If you were to pick up any newspaper or browse through any news website on any given day, you are bound to find stories about our environment. Topics such as North America’s disastrous attempts at reducing CO2 emissions and our constant destruction of the rain forest regularly make headlines in our mainstream media. Take a look at a few stories that may not have made the front page:
Russian bears developing some bad habits
Environmental officials in Russia have learned that because of record high temperatures over the past summer, many of the plants and berries which bears rely on for sustenance are dying off much earlier. This forces the bears to search for alternative food sources in order to survive, and has resulted in them digging up the bodies of recently deceased people and making a meal out of their decaying flesh. Despite how disturbing it is for the nearby families, the biggest concern is that the bears will develop a taste for “fresher” meat.
Prehistoric urine deposits offers clues to climate change
Tens of thousands of years ago, small rodents resembling guinea pigs called rock hyrax lived in colonies of about 50 along rock ridges and cliff faces in areas of sub-Saharan Africa and the Middle East.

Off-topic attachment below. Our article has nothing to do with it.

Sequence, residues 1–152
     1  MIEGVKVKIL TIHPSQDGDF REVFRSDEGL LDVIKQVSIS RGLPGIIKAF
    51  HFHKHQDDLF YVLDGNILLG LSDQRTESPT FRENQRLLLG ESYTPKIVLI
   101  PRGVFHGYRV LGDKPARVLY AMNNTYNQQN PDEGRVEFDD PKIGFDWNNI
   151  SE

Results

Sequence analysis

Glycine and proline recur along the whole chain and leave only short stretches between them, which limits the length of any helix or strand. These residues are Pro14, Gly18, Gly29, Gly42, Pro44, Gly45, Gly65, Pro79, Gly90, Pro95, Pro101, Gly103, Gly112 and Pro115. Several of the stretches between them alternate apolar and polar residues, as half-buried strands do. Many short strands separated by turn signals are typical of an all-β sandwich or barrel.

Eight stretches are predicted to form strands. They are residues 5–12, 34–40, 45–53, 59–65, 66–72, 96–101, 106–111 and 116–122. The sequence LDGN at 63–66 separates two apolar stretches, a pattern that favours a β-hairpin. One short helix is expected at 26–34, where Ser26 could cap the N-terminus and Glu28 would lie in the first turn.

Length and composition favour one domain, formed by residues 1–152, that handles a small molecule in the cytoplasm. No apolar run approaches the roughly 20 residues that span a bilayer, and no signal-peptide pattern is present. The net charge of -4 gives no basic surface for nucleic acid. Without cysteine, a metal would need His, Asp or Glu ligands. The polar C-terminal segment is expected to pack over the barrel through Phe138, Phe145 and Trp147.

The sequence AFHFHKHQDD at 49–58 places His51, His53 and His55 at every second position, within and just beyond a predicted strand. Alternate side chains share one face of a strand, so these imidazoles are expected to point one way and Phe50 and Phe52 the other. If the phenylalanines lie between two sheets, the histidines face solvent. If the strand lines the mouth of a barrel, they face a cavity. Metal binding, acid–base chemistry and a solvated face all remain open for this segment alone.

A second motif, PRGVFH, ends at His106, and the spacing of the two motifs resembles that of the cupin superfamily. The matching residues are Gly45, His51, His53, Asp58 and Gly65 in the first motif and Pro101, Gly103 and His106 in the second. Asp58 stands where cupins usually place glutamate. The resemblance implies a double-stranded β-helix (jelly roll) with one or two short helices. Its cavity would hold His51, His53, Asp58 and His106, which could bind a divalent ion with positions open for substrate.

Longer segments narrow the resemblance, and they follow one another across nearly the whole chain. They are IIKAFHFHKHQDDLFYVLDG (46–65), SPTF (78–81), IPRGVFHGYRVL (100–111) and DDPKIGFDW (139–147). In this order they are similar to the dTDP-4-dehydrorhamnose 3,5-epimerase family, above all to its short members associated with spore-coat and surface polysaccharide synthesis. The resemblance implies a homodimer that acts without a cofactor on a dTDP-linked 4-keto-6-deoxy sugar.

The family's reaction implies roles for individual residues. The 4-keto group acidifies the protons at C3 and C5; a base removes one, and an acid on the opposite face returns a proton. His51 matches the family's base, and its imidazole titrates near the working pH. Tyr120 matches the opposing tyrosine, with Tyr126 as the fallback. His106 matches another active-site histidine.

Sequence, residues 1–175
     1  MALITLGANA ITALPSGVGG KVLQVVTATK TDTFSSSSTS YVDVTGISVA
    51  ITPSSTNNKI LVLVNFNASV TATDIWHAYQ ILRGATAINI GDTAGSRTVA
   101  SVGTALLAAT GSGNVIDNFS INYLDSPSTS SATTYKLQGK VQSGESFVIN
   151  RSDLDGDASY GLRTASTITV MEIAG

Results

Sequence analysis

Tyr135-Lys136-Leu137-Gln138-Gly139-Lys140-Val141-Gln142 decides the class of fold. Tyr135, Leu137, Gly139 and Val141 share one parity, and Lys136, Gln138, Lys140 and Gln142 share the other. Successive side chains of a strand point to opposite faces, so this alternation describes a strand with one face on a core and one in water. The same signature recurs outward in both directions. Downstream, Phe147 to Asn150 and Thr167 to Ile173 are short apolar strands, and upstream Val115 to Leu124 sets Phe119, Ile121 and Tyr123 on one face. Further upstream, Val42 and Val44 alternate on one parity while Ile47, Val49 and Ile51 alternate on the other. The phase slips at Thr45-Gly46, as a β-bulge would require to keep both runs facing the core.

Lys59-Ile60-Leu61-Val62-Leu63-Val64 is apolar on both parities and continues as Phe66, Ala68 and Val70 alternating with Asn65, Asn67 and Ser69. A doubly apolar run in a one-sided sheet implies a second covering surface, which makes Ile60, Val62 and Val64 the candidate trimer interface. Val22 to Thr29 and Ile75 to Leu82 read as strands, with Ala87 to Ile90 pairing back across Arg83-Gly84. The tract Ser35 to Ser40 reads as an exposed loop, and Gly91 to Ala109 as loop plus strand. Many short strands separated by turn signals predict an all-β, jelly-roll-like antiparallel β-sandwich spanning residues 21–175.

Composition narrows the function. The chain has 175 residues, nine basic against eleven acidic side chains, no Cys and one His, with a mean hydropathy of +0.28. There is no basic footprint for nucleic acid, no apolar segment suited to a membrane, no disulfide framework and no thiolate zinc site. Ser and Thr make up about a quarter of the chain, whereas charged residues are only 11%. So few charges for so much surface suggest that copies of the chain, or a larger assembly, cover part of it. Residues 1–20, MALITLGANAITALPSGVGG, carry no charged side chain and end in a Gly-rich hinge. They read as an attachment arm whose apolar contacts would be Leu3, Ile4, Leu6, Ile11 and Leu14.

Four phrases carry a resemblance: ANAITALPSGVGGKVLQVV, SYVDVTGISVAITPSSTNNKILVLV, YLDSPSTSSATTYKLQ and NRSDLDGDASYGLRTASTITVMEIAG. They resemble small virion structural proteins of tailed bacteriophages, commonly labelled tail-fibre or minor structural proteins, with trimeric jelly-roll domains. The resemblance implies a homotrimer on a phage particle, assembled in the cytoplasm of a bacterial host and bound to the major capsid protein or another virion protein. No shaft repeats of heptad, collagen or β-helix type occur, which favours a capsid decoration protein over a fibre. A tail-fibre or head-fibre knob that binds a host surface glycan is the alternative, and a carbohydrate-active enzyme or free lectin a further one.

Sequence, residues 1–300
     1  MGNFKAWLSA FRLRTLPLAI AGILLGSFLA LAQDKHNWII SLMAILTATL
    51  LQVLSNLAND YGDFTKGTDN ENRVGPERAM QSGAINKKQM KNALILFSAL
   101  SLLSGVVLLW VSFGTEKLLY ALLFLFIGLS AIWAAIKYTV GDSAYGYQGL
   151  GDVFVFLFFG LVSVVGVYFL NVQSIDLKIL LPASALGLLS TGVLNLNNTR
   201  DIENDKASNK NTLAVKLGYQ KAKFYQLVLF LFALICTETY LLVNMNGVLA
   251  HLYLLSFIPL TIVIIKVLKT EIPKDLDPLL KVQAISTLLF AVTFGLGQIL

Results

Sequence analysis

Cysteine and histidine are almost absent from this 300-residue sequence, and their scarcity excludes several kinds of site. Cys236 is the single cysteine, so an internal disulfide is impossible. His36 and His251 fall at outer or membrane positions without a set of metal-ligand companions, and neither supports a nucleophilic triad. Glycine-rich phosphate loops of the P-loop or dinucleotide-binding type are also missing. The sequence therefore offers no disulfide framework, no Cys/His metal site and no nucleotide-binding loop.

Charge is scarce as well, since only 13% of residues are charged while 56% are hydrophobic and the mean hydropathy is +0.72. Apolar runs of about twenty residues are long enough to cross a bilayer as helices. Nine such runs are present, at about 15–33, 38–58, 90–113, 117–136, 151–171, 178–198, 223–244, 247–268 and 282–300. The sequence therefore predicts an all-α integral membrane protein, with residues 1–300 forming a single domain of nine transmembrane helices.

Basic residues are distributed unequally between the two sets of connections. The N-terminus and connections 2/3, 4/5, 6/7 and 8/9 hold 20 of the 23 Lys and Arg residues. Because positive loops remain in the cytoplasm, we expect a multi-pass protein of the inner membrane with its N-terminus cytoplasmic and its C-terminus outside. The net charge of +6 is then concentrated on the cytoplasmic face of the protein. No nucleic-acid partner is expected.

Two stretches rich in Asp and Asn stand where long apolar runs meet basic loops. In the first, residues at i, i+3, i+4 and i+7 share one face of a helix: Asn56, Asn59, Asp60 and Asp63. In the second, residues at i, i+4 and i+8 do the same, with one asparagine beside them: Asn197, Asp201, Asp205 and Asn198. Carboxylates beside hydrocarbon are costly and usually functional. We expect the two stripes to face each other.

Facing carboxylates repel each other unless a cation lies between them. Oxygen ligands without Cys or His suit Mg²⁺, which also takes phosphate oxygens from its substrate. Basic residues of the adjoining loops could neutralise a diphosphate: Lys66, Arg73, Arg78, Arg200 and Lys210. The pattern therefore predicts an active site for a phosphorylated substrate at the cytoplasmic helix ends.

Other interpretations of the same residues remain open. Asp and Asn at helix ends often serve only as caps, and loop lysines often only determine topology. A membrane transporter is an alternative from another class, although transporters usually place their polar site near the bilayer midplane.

These rabbit-sized animals would share communal “bathrooms” that scientists now call middens. In these middens, their waste would slowly crystallize into a layered substance similar to amber. It is within this reeking rock that scientists now consider of valuable scientific import; for instance, they can tell how much grass the hyrax was eating and how dry that grass was.
Current models of our climate suggest that around 5,500 years ago, the Northern Hemisphere became drier while the Southern got wetter. However, from these middens, scientists are now speculating that Africa, too, became drier.
Some birds may need deodorant to survive
In New Zealand, scientists have found that their native bird’s body odour is so pungent that it may be alerting predators to the location of their nests. All birds release a certain smelly wax that is needed to keep feathers healthy. During mating season, the release of this substance is reduced in order to hide nests from possible predators. However, some birds’ scents are too strong to mask.
Conservationists suggest that unless some radical measures are taken, like adding deodorant to birds’ nests, some species may become extinct.
To know something is to be sure of it and to be sure of that something, you have to have the full story. Join us next issue when we tackle science!